Perhaps a good example would be Vioxx. I don't really know all of the details, perhaps somebody here has the facts rather than the trial lawyer spin, but in my view the proper response from the FDA would have been:
"How many deaths?"
"How many total patients?"
"The mortality rate is lower than we expected."
Instead, the klaxons sounded, hatches were battened, and the USS FDA dove for cover.

Frankly, I see no evidence that the FDA has any concern what-so-ever for product risk management. Their only concern is job security and that arises largely from a serious lack of management. How hard is it to build a slide presentation with all of the necessary drug test/trials/data in advance of a potential problem? Those of us in private industry know that the time to plan for the organic matter impacting the rotating air mover is before the disaster because afterwards you don't have time. How about a little disaster planning? Heck, how about a little planning, how about buying a clue from the clue store?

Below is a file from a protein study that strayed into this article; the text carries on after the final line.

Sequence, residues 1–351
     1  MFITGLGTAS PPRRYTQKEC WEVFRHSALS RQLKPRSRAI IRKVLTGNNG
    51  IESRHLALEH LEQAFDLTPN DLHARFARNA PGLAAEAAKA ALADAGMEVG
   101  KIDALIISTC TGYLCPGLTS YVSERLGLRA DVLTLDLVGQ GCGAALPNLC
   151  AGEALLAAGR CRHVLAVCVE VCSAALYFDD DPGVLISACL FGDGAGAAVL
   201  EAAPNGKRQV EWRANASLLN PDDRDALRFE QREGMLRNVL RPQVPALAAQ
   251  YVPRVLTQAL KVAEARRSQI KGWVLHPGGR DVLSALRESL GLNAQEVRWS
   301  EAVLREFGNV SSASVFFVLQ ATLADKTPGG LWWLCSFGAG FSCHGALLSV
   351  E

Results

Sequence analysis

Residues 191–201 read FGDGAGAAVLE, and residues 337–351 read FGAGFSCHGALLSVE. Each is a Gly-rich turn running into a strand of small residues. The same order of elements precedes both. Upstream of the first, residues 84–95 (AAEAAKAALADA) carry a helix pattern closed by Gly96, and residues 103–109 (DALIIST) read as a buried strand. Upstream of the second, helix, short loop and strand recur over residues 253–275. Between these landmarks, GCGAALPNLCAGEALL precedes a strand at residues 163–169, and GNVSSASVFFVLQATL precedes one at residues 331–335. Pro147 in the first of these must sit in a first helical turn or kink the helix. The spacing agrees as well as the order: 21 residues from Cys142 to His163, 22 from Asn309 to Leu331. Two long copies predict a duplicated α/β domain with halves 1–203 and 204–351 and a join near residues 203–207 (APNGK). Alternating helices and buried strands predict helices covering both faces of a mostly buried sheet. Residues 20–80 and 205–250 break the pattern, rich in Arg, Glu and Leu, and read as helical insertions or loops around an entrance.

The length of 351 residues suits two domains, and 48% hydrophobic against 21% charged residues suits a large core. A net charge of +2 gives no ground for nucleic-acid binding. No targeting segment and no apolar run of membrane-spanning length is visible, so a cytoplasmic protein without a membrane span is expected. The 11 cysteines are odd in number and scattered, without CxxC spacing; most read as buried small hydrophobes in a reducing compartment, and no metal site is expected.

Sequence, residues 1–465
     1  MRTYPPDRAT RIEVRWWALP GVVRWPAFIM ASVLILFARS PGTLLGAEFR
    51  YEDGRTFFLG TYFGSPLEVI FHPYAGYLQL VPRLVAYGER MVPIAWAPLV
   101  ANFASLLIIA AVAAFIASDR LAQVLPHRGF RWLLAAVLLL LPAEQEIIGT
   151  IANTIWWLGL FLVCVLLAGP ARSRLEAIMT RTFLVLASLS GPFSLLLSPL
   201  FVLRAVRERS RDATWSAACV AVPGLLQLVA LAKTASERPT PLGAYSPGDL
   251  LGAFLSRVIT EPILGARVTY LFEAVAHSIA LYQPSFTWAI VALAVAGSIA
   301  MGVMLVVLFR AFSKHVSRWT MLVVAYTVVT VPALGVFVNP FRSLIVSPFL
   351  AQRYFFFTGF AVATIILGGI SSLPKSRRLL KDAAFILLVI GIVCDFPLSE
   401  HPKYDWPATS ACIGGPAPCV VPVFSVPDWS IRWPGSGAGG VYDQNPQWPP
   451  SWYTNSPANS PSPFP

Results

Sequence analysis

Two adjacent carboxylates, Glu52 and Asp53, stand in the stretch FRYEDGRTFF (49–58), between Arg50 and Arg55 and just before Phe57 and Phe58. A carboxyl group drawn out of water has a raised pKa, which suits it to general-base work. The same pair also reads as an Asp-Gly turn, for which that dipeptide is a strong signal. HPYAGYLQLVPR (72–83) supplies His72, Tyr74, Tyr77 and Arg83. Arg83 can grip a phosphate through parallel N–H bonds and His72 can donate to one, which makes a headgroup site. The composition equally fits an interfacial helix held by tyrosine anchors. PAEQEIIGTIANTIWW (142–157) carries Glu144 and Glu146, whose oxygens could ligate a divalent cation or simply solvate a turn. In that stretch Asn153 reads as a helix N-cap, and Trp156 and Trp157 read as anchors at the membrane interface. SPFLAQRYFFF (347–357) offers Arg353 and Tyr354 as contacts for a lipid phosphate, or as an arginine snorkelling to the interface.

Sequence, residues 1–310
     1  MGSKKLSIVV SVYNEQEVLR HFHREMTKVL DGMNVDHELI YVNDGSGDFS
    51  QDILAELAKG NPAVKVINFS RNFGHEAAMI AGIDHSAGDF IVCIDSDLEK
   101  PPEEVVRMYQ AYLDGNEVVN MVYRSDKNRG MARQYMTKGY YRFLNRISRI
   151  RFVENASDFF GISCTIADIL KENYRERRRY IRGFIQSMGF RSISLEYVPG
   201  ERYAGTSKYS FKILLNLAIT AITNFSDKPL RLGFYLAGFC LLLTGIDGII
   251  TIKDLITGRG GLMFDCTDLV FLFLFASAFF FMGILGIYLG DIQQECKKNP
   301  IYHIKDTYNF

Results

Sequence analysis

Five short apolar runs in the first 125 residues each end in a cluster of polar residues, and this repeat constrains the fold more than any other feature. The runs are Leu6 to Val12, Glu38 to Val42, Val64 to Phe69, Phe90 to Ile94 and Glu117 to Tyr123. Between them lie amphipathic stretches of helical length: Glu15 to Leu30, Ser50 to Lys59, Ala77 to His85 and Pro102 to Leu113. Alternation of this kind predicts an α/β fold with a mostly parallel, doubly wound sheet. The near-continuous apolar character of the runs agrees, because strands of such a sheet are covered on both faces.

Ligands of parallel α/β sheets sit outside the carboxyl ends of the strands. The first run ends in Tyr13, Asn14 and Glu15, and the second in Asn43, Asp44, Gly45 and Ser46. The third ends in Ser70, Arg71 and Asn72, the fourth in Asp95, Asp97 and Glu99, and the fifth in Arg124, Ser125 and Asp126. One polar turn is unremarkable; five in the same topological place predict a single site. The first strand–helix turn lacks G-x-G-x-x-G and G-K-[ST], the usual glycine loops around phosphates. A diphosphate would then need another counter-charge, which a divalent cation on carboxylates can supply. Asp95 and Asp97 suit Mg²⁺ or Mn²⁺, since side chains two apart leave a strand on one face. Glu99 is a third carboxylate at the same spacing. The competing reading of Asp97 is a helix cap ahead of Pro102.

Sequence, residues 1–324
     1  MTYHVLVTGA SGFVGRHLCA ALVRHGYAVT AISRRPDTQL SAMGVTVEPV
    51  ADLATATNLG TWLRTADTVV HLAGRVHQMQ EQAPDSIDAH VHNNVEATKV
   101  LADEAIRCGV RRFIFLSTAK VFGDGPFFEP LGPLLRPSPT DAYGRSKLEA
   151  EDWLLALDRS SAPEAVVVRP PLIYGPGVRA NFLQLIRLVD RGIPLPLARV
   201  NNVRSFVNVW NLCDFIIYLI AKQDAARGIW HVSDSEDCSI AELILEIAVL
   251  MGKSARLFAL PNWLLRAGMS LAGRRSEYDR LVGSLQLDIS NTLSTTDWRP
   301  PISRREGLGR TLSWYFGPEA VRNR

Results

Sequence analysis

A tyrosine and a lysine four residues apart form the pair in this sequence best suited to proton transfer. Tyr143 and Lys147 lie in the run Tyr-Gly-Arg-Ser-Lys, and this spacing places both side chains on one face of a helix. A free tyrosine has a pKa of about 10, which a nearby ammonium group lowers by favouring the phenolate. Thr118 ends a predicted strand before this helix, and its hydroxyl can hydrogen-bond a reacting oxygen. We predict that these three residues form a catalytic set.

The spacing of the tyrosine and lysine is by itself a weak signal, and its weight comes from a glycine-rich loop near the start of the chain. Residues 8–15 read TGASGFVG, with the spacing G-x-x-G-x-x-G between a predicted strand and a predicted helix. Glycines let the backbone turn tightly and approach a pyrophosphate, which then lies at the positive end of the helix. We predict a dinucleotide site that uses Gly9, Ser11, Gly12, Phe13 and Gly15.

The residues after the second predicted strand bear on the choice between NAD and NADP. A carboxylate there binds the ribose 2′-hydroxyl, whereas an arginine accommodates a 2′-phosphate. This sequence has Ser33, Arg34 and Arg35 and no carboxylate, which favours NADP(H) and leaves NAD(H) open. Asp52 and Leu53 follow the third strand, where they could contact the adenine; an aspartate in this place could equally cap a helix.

Irrational or Greedy?
One of the most tested medications in western pharmacopia, quinine, was an over-the-counter medication in the US until 1994, offering millions relief for leg cramps, particularly the form known as night cramps.

In 1994 quinine, recommended in western medical literature since at least 1633, was suddenly determined by the FDA to be too risky to be made available without a prescription, instantly raising the cost for this simple medicine, but prescribing it was considered relatively safe -- far more so, in any case, than alternatives -- so sufferers of this condition were still able to obtain relief.